If the features of your app that use gyroscope data are not integral to the user experience, you might want to allow users with non-gyroscope devices to download your app. If you do not make gyroscope a required hardware capability, but still have code that requests gyroscope data, you need to check whether the gyroscope is available at runtime. You do this with the gyroAvailable property of the CMMotionManager class.

Capturing Device Movement with Core Motion

The Core Motion framework is primarily responsible for accessing raw accelerometer and gyroscope data and passing that data to an app for handling. Core Motion uses unique algorithms to process the raw data it collects, so that it can present more refined information. This processing occurs on the framework’s own thread.

Core Motion is distinct from UIKit. It is not connected with the UIEvent model and does not use the responder chain. Instead, Core Motion simply delivers motion events directly to apps that request them.

Core Motion events are represented by three data objects, each encapsulating one or more measurements:

The CMMotionManager class is the central access point for Core Motion. You create an instance of the class, specify an update interval, request that updates start, and handle motion events as they are delivered. An app should create only a single instance of the CMMotionManager class. Multiple instances of this class can affect the rate at which an app receives data from the accelerometer and gyroscope.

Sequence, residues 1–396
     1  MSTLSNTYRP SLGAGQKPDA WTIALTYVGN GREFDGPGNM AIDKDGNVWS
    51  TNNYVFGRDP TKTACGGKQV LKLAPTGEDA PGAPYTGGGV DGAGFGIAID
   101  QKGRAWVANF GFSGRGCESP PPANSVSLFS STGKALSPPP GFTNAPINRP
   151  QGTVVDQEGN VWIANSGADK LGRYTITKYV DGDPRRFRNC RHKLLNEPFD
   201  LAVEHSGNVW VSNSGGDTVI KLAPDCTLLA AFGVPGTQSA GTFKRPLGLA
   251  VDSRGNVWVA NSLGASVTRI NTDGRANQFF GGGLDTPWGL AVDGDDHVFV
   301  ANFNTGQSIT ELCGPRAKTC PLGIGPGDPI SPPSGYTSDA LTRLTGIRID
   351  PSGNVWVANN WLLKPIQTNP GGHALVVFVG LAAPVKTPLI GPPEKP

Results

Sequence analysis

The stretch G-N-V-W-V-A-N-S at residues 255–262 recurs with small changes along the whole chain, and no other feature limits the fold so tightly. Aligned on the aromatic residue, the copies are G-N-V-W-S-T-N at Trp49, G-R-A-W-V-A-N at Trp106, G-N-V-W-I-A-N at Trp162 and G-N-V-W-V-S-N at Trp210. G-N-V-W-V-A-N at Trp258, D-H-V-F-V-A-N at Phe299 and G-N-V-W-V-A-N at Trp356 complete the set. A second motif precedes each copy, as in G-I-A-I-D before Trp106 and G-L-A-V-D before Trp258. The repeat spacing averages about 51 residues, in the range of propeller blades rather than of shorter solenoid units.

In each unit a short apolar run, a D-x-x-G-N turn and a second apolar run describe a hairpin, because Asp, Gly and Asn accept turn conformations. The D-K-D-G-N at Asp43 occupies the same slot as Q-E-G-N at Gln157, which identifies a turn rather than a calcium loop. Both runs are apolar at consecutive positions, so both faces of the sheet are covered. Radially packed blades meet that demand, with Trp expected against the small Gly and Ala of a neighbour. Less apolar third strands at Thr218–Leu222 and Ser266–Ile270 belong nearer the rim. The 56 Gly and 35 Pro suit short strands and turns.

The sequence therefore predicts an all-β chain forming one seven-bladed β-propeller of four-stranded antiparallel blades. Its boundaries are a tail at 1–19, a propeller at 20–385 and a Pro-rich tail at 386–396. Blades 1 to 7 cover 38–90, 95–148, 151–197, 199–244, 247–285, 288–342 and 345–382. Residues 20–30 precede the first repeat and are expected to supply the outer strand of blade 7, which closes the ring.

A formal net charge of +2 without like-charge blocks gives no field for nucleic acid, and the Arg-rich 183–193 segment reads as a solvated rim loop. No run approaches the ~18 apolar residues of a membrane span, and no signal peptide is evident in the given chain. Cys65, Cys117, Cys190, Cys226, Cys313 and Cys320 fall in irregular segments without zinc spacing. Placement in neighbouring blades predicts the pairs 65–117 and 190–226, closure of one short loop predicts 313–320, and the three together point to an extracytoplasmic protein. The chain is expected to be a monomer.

All of the data-encapsulating classes of Core Motion are subclasses of CMLogItem, which defines a timestamp so that motion data can be tagged with a time and logged to a file. An app can compare the timestamp of motion events with earlier motion events to determine the true update interval between events.

For each of the data-motion types described, the CMMotionManager class offers two approaches for obtaining motion data:

Pull is the recommended approach for most apps, especially games. It is generally more efficient and requires less code. Push is appropriate for data-collection apps and similar apps that cannot miss a single sample measurement. Both approaches have benign thread-safety effects; with push, your block executes on the operation-queue’s thread whereas with pull, Core Motion never interrupts your threads.

Always stop motion updates as soon as your app finishes processing the necessary data. As a result, Core Motion can turn off motion sensors, which saves battery power.